The College of Education and Human Services maintains 32 electronic classrooms in Brophy, Currens, Horrabin, Knoblauch, and Stipes halls, permitting students and instructors to access the latest instructional technologies (e.g., computers, CDs, DVDs, SMART Board technologies, the Internet and distance learning). These classrooms are used by instructors and students to explore and model the use of high-tech teaching tools. The most recent electronic classroom is a 40-seat instructional lab that allows one-to-one computing with hardware capable of running the most current software programs. The College of Education and Human Services also maintains the GTE Electronic Classroom and the GTE Teleconferencing Center. Both are among the most advanced facilities of their kind. The GTE Electronic Classroom seats 88 students and incorporates touch screen technology, a projection television, and distance education capabilities through compressed two-way video. The GTE Teleconferencing Center is an administrative conferencing facility that also has satellite and compressed video conferencing capabilities in addition to advanced computer conferencing capability. The facility has flexible seating in an executive atmosphere. International teleconferences are common in this facility, with recent conferences involving France, England, Mexico, and Canada.
The Office for Partnerships, Professional Development, and Technology is the primary technology support and training center for students and faculty in the College of Education and Human Services. This office consists of Instructional Development Services, the Interactive Multimedia (IMM) Lab, STAR-Onsite, STAR-Online, and the Technology Resource Center. The IMM lab has been designed for work with one-on-one and small group instruction for both support and course activities. This lab has the advanced software and peripherals necessary to develop multimedia projects, scan documents for use as digital artifacts, and convert analog video to digital media.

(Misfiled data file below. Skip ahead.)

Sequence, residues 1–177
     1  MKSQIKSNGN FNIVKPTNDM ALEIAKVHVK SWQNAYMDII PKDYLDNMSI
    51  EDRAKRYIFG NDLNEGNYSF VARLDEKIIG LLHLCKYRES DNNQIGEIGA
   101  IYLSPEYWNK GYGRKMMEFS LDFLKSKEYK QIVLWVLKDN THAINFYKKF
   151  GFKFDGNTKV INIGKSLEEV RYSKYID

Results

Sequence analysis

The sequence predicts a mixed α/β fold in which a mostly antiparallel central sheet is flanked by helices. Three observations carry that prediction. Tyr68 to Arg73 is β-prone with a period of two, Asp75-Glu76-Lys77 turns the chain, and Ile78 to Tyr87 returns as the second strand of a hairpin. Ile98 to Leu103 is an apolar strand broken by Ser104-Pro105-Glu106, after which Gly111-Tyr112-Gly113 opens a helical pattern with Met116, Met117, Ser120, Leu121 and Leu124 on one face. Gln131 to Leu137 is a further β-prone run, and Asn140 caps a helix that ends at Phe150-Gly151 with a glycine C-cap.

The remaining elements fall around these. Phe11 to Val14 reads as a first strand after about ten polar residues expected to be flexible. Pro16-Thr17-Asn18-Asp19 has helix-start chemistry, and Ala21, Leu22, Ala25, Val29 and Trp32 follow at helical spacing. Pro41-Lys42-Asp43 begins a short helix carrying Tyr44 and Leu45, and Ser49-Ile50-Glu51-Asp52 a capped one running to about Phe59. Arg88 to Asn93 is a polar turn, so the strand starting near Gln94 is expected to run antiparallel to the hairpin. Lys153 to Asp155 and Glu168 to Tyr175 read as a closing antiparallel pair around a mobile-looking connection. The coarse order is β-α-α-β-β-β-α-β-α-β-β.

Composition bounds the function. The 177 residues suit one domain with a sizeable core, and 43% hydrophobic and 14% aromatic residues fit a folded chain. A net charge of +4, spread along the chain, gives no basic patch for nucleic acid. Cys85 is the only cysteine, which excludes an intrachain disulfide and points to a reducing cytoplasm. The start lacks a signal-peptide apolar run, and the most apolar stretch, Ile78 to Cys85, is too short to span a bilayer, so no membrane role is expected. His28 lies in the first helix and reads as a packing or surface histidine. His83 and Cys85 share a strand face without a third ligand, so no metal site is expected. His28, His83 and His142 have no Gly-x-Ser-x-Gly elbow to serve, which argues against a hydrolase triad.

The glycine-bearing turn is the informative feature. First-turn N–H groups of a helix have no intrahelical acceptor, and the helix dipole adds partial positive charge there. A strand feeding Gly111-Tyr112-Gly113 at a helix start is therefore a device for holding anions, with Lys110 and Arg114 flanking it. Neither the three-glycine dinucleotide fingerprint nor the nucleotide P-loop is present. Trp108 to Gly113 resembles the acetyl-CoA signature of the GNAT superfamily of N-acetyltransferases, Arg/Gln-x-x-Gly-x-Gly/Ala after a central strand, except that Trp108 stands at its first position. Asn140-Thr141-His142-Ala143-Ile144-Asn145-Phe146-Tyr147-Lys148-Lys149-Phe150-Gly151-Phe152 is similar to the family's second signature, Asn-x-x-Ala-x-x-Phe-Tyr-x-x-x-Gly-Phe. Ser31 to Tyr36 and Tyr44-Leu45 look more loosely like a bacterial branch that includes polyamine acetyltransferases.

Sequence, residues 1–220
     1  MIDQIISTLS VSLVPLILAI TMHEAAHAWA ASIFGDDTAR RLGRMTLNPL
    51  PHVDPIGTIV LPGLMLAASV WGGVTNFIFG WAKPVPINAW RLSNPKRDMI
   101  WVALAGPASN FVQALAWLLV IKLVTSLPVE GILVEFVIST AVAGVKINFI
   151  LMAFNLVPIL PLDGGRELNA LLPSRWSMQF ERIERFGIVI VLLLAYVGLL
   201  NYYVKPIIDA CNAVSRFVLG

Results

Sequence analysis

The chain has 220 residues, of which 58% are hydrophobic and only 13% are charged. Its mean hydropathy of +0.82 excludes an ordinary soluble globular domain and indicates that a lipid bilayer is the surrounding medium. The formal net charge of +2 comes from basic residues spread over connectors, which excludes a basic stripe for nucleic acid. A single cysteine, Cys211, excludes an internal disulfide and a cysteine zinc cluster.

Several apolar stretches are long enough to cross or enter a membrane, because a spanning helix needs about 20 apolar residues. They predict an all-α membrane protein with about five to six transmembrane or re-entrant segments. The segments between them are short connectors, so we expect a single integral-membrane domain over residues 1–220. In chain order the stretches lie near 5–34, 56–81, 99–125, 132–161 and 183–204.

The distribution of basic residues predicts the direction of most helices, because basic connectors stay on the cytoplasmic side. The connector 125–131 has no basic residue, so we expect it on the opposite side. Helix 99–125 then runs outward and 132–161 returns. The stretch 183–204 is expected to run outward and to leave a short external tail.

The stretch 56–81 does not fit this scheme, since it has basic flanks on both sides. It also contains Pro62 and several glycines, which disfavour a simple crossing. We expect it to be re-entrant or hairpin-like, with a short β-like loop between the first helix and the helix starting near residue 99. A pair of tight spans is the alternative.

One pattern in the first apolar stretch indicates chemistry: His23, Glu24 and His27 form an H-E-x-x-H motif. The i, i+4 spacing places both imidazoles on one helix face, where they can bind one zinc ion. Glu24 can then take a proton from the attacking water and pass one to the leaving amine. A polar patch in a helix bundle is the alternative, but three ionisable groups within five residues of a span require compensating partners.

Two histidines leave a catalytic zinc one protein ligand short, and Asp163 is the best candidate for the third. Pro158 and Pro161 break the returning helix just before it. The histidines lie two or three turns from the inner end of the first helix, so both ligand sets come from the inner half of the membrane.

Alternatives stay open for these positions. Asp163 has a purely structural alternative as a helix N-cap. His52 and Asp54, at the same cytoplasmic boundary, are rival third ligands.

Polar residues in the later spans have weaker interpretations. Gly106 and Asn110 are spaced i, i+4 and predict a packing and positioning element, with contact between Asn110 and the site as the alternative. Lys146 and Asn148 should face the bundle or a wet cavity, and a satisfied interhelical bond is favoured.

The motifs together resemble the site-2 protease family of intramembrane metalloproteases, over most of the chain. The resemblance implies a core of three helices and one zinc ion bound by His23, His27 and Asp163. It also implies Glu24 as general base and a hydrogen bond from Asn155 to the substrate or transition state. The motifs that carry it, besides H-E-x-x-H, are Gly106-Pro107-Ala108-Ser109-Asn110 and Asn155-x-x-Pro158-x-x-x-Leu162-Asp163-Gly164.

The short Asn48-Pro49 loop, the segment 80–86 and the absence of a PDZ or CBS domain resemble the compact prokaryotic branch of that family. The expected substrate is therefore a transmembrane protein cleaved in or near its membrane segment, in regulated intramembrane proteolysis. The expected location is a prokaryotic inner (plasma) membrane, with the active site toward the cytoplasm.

The University Union is more than a building; it is an organization and a program that serves the University community—students, faculty, administration, alumni, and guests.
Union facilities include guest rooms; dining rooms and catering services; the Bistro restaurant; a convenience store; and a food court featuring Burger King, Sbarro, and Einstein Bros. Bagels (featuring Starbucks products). The Union also contains offices for student organizations, student assistance, student activities and student legal services; conference and event scheduling; transit service; art galleries; a ballroom; conference and meeting rooms; student and parent service center; ATM machines; computer stations; a bookstore with a wide selection of educational and recreational supplies; a computer store; lounges; a theatre; and bowling lanes and a billiards room (temporarily closed).
Programs open to all University students are arranged, sponsored, and advised by the Office of Student Activities and University Union staff. The University Union serves as the campus center for all members of the University community.
Through its various organizations, committees, and staff, the Union provides a cultural, social, and recreational program that makes leisure time activity a cooperative factor with education. Its goal is the development of people as well as intellects.
Western Illinois University offers graduate programs at the WIU-QC campus in Moline, IL, approximately 70 miles north of the residential campus in Macomb. Graduate degrees are offered in the following disciplines at WIU-QC:
Graduate Degree Programs
Educational and Interdisciplinary Studies
Educational Leadership (includes specialist, master’s, and doctoral degrees)
Instructional Design and Technology
Law Enforcement and Justice Administration
Liberal Arts and Sciences
Post-Baccalaureate Certificate Programs
Health Services Administration
Instructional Design and Technology
Police Executive Administration
Zoo and Aquarium Studies